After Netanyahu Speech, UN Reiterates It Found No Traces of Iran Nuclear Arms Program

'It is not the practice of the IAEA to publicly discuss issues related to any such information,' UN group says after Netanyahu revealed what he claimed was proof of secret Iranian nuclear program

Israeli Prime Minister Benjamin Netanyahu presents material on Iranian nuclear weapons development during a press conference in Tel Aviv, Monday, April 30 2018. Netanyahu says his government has obtained "half a ton" of secret Iranian documents proving the Tehran government once had a nuclear weapons program. Calling it a "great intelligence achievement," Netanyahu said Monday that the documents show that Iran lied about its nuclear ambitions before signing a 2015 deal with world powers. (AP Photo/Sebastian Scheiner)

The UN nuclear agency says it believes that Iran had a "coordinated" nuclear weapons program in place before 2003, but found "no credible indications" of such work after 2009.

The International Atomic Energy Agency declined on Tuesday to directly address Prime Minister Benjamin Netanyahu’s accusations that Iran was breaching its landmark nuclear deal with major powers.

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Netanyahu on Monday stepped up pressure on the United States to pull out of the 2015 deal, presenting what he called evidence of a secret Iranian nuclear weapons program. Iran is known to have had a weapons program until 2003; analysts and diplomats said he appeared to be recycling old accusations.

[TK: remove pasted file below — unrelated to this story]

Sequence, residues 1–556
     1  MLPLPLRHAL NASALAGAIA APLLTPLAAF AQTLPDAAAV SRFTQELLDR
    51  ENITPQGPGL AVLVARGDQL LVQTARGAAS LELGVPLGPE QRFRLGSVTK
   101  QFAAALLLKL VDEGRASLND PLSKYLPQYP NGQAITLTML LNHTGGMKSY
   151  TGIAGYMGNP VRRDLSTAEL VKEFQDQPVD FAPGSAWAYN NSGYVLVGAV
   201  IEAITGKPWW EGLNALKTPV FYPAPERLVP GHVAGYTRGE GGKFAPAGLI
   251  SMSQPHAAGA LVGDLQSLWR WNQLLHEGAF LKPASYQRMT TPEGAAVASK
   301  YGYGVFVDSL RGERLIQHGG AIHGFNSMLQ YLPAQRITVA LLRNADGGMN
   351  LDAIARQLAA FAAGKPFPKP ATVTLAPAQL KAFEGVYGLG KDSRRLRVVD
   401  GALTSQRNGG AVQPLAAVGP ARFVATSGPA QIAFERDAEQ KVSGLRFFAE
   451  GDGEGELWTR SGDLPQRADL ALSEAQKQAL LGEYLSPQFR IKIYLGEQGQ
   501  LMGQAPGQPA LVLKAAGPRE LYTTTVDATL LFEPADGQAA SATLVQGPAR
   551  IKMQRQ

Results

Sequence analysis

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“In line with standard IAEA practice, the IAEA evaluates all (nuclear) safeguards-relevant information available to it,” said a spokesman for the International Atomic Energy Agency, which is policing the deal. “However, it is not the practice of the IAEA to publicly discuss issues related to any such information.”

In a report issued in December 2015, shortly before the pact went into effect, the IAEA said “a range of activities relevant to the development of a nuclear explosive device were conducted in Iran prior to the end of 2003 as a coordinated effort.”

Those activities continued after 2003, though in a less coordinated manner, and there was no credible indication of any activities beyond 2009, the IAEA said at the time. The spokesman’s statement on Tuesday reiterated the 2015 report’s findings.

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Under its 2015 with world powers, Iran curbed its enrichment of uranium for nuclear fuel to allay concerns it could be put to developing bomb material, and Tehran won relief from most international sanctions in return. UN nuclear inspectors have repeatedly reported that Iran is heeding the terms of the deal.